Then the alto sings Isaiah 53:3.

“He was despised and rejected by men; a man of sorrows, and acquainted with grief; and as one from whom men hide their faces he was despised, and we esteemed him not.”

After describing the misery that the Lord would endure for our sin, the chorus vividly describes mankind, “All we like sheep have gone astray; we have turned every one to his own way, and the Lord hath laid on Him the iniquity of us all.” Isaiah 53:6 ESV

The tenor presents the crucifixion and resurrection, after which the choir erupts into a chorus describing heaven when Jesus defeats death and sin. “Lift up your heads, O ye gates; and be ye lift up, ye everlasting doors; and the King of glory shall come in.”  Psalm 24:7 KJV

The oratorio continues by describing the mission of the Lord’s people, going into all the world preaching the gospel and then by telling of the rebellion to that Word.  “Why do the heathen rage, and the people imagine a vain thing?”  Psalm 2:1 KJV  After questioning why, the soloists reveal the Lord’s response to mankind’s opposition: 

“He that sitteth in the heavens shall laugh: the Lord shall have them in derision. … Thou shalt break them with a rod of iron; thou shalt dash them in pieces like a potter’s vessel.”

Psalm 2:4, 9 KJV

At this point we hear the famous Hallelujah Chorus, proclaiming the power of the Lord God and that God’s kingdom will reign forever and ever.  This too is from Scripture, specifically from Revelation 19:6. 

“And I heard as it were the voice of a great multitude, and as the voice of many waters, and as the voice of mighty thunderings, saying, Alleluia: for the Lord God omnipotent reigneth.”

It is at this point that the audience rises in honor of the majesty of the music and of its message. For many of us, this is the crescendo of the oratorio.

After a recent presentation Parts II and III of the Messiah, I found it interesting to think about the placement of the Hallelujah Chorus.  It is not at the end of the work, rather it comes immediately after describing God’s prevailing power over man’s revolt against Him and His Anointed One.  This should be encouraging for each of us. 

The Chorus certainly praises God for His authority over mankind, for the strength of His kingdom, in recognition of His power and of the inviolate guarantee that things that He has ordained will, indeed, come to pass.  His providence will not be thwarted by anything that man or any other created being can do.  In short, God wins!  Hallelujah!

But, this is not the only instance of praise in the oratorio.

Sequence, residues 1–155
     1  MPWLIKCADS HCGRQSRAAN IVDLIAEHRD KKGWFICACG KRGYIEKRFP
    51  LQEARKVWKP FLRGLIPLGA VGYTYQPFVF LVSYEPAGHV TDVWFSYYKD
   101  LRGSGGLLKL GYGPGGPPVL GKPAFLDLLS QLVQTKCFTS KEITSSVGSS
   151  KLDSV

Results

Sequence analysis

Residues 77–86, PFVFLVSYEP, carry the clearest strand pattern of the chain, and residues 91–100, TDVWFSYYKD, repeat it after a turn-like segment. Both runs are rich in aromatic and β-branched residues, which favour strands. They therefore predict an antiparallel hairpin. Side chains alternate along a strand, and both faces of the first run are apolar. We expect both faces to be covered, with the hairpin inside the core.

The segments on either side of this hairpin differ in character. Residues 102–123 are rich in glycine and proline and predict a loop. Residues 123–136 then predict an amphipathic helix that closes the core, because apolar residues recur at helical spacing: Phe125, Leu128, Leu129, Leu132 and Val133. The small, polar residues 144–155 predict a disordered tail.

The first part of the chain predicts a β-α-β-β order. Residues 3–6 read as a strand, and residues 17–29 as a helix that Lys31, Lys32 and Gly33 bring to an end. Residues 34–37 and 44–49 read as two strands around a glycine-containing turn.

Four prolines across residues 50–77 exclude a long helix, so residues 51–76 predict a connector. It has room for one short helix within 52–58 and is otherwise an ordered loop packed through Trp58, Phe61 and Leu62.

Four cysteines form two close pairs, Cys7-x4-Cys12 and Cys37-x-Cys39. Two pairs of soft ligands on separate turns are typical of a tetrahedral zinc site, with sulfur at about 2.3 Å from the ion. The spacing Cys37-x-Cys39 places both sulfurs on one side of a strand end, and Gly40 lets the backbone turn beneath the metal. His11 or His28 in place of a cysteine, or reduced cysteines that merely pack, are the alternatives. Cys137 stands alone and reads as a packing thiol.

Part III of the oratorio begins with the soprano singing “I know that my redeemer liveth, and that he shall stand at the latter day upon the earth.” Job 19:25.  These words should bring praise to the lips of every believer in our Lord.   

The substitutionary atonement of Jesus is told when the choir sings “since by man came death, by man came also the resurrection of the dead. For as in Adam all die, even so in Christ shall all be made alive.”  1 Corinthians 15:21-22. 

And the hope of everlasting life is described when the bass sings “Behold, I tell you a mystery: We shall not all sleep, but we shall all be changed–in a moment, in the twinkling of an eye, at the last trumpet. For the trumpet will sound, and the dead will be raised incorruptible, and we shall be changed.” 1 Corinthians 15:51-52 NKJV

The final song is one that is sung in heaven:  “saying with a loud voice: ‘Worthy is the Lamb who was slain, to receive power and riches and wisdom, and strength and honor and glory and blessing!’”  Revelation 5:12 NKJV

Not only should we sing Hallelujah because God defeats sin and evil, we should continue our praise and worship of our God and of His Son by acknowledging and praising Jesus Christ, the Lamb of God, for His work on the cross, for His atoning death and resurrection for us, for He alone is worthy to be praised. 

Here is a presentation of the song “Worthy is the Lamb” as found on the album Glory to the Holy One, words by Dr. R. C. Sproul and music by Jeff Lippencott.

I am including the text of the words for your reference:

The veil of heaven opened wide
The scene was clearly set
John saw a scroll writ either side
Where seven seals were met
With booming voice the angel said
To now unseal the scroll
But none was found to meet the task
Not even one lone soul

Refrain

Worthy, worthy, worthy is the Lamb
Worthy, worthy is the Lamb who was slain

Convulsed with tears and broken heart
John’s hope was now assailed
“Weep not,” the elder counseled him,
“A Lion has prevailed!”
No lion came to take his claim
No beast of royal reign
Instead there stood a bloodied Lamb
Like one who had been slain

Refrain

Ten thousand times, ten thousand more
The host of heaven cried
All blessing, honor, glory, and pow’r
To Christ, the Lamb that died

Refrain

Christ the Lamb, who was slain

Father, during this time of the year when we consider the Passion of our Lord, I can do nothing other than fall at the foot of the cross in recognition that He has taken my sin upon Himself and I have nothing to bring other than a broken and contrite heart.  May my life reflect praise for my Lord and my King to whom all glory and honor belongs.